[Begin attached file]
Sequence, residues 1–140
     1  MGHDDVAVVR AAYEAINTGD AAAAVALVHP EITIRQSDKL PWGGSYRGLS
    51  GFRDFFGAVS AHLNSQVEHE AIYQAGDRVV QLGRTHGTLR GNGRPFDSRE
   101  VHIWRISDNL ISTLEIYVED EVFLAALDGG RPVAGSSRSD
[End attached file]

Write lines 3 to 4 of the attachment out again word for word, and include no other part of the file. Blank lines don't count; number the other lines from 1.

    51  GFRDFFGAVS AHLNSQVEHE AIYQAGDRVV QLGRTHGTLR GNGRPFDSRE
   101  VHIWRISDNL ISTLEIYVED EVFLAALDGG RPVAGSSRSD